The United States and Jordan continue to benefit from a comprehensive economic partnership. A key element of these relations is the U.S.-Jordan Free Trade Agreement, which came into force on December 17, 2001 and was fully implemented on January 1, 2010. In addition, the “Qualified Industrial Zones” (QIZs) program, established in 1996 by the U.S. Congress, provides access to the United States without a product when produced in Jordan, Egypt or the West Bank and Gaza Strip, with a certain amount of Israeli content. The Ministry of Labour is working with the DOL-funded Better Work program to improve its understanding of internationally recognized labour standards and the audit process in the apparel sector, including assigning labour inspectors to the project. The current commitment focuses on internalizing the lessons learned from Better Work, in order to build the capacity of labour inspectors, on carrying out inspections including dormitories in QIZs, and on continuing advertising efforts to ensure that stakeholders understand their legal rights to participate in trade unions and that they enjoy jobs without discrimination or harassment. Jordan has also worked with Better Work Jordan to ensure that plant-level audits are publicly available. In addition, The Skilled Industrial Zones (QIZs) created in 1996 under President Bill Clinton, manufactured in Israel, Jordan, Egypt or the West Bank and gaza Strip, have allowed duty-free entry into the United States. Exports must have at least 35% of their added value from Israel, Jordan (i.e. QIZ) and the West Bank or Gaza to be eligible as beneficiaries of QIZ. Jordanian exports also needed at least 8% of their added value to come from Israel.  The Free Trade Agreement is the first trade agreement to contain substantial provisions on e-commerce, a step that should help promote a global free trade agenda in a critical sector for U.S.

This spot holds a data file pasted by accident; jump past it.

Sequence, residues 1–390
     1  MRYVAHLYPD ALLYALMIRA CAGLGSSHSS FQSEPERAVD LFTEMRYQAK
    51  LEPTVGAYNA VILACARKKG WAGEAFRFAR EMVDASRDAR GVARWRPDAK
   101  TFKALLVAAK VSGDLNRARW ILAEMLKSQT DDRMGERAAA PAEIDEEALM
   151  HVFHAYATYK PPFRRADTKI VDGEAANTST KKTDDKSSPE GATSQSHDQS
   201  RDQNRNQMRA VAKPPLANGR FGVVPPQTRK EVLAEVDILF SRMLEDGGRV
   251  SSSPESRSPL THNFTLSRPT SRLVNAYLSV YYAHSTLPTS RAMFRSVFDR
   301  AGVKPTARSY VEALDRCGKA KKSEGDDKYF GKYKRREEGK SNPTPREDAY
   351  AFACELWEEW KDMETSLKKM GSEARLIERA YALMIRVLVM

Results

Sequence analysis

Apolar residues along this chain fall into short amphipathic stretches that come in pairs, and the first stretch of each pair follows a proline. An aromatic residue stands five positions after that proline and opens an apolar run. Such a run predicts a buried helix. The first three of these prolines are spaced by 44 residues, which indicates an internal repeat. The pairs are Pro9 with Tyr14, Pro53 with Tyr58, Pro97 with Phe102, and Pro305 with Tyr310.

high-tech and multimedia companies. The two countries agreed to seek to avoid tariffs on electronic transmissions, impose unnecessary barriers to market access for digitized products, and impede the ability to provide services electronically. These provisions are also part of service commitments, which together aim to encourage investment in new technologies and encourage the innovative use of networks for the provision of products and services. The agreement will significantly liberalize bilateral trade in services in a wide range of service sectors. Unlike many trade agreements, the U.S.-Jordan Free Trade Agreement has received broad, bipartisan and multi-sector support. Supporters have referred to the removal of tariffs and other trade barriers as a blessing for exports.  The Jordanian Free Trade Agreement (JOFTA) came into force on 17 December 2001. Under the agreement, virtually all Jordanian products arrive in the United States duty-free. The Jordanian Free Trade Agreement does not provide for an exemption from the Goods Processing Tax (MPF).
At the last meeting of the Joint Committee in May 2016, the United States and Jordan discussed the work, agriculture, in particular current technical barriers to trade, the adoption of the World Trade Organization (WTO) Trade Facilitation Agreement and adherence to the WTO Public Procurement Agreement.